What is difference between timetable and schedule?

I’m building an application, that shows schedule/timetable for university students.
I’m confusing, what is the correct word for it: schedule or timetable?
How should I name it?

Here is the result of GitHub search for different queries:

  • university timetable – 359
  • university schedule – 742
  • students timetable – 329
  • students schedule – 1100

the difference between by -ing form and -ing form

This question involves the difference between -ing form and by -ing form.

The passage below is from a few steps guided on Microsoft’s website as to how to renew a one-year subscription of Microsoft Office 365.

Go to Office.com/setup and, if prompted, sign in using the Microsoft account that’s associated with your Office 365 subscription.

I am wondering whether the sentence would be still correct and mean the same thing with using changed into by using as follows.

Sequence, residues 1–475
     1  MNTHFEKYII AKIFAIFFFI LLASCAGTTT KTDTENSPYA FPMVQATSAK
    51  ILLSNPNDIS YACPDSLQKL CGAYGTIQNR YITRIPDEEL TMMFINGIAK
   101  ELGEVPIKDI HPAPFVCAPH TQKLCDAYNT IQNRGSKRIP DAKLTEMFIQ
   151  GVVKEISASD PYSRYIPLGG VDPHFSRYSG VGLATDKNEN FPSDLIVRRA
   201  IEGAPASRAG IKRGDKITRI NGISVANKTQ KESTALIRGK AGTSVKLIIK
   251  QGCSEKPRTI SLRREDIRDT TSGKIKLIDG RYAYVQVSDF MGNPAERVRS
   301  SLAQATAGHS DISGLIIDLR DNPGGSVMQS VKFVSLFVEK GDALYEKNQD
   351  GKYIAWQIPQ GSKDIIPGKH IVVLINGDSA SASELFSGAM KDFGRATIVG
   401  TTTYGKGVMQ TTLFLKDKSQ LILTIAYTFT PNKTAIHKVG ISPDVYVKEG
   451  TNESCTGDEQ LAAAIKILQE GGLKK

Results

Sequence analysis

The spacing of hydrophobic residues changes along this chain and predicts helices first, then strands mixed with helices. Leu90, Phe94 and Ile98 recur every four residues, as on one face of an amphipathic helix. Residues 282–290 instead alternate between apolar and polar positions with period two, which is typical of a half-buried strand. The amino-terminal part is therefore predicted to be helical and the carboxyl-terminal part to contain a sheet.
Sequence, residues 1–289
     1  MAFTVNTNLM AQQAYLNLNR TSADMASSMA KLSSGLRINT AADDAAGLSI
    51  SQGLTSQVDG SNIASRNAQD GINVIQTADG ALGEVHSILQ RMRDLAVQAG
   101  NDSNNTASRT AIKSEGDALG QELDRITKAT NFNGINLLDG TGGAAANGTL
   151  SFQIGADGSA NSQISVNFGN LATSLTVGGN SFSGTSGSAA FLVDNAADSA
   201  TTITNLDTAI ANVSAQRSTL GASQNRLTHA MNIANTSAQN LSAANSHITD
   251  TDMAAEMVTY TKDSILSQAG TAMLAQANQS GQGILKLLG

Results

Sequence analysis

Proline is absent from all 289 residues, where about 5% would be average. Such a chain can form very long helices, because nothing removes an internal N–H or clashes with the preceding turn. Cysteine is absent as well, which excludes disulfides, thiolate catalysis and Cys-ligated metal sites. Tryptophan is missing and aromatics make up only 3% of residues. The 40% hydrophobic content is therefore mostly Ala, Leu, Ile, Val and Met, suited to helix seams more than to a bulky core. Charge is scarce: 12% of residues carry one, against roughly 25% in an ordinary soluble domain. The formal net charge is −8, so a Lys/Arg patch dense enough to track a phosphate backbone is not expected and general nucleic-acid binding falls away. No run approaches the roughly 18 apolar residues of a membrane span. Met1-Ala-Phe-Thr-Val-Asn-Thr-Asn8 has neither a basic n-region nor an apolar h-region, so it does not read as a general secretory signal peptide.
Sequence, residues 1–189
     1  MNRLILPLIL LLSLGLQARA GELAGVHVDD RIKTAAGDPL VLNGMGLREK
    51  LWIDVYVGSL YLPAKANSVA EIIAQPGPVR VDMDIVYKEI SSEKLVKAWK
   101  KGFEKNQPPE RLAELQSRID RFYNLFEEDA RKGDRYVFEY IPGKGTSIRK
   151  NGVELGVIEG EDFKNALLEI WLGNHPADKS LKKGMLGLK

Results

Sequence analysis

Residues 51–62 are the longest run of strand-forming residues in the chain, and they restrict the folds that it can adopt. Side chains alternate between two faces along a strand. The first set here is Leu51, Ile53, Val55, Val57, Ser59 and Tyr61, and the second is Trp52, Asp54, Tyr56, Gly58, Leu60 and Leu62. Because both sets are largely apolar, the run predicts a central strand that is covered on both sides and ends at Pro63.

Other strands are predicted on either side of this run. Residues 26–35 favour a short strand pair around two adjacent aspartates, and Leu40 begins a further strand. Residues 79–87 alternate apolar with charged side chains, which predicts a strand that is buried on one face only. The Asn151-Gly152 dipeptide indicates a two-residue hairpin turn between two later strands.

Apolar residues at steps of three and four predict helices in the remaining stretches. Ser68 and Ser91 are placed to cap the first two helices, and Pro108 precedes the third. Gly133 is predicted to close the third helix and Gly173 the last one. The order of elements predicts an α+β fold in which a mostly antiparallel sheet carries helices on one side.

Go to Office.com/setup and, if prompted, sign in by using the Microsoft account that’s associated with your Office 365 subscription.

Thank you very much.

What are the differences between Convex Lens and Convex Mirrors?

Sometimes I heard my teacher said convex ‘lens’ but other time I heard he said convex ‘mirror’. The main problem I am currently facing right now is using the right terminology. In other words, what is the differences of similarities between a convex ‘lens’ and ‘mirrors’? With that said, do they still behave the same like one another, if they are different? Thank you.

Is there a correlation between unknown name in Revelation 19:12 and elsewhere in scripture?

I’ve always been curious to know if there was a relation between the rider on the white horse whose name was known to no one but himself, and the other places in scripture where names have been veiled. These occurred when the angel of the Lord wrestled with Jacob, as well as his visitation of Samson’s parents.

Revelation 19:12 (KJV)
His eyes were as a flame of fire, and on his head were many crowns; and he had a name written, that no man knew, but he himself.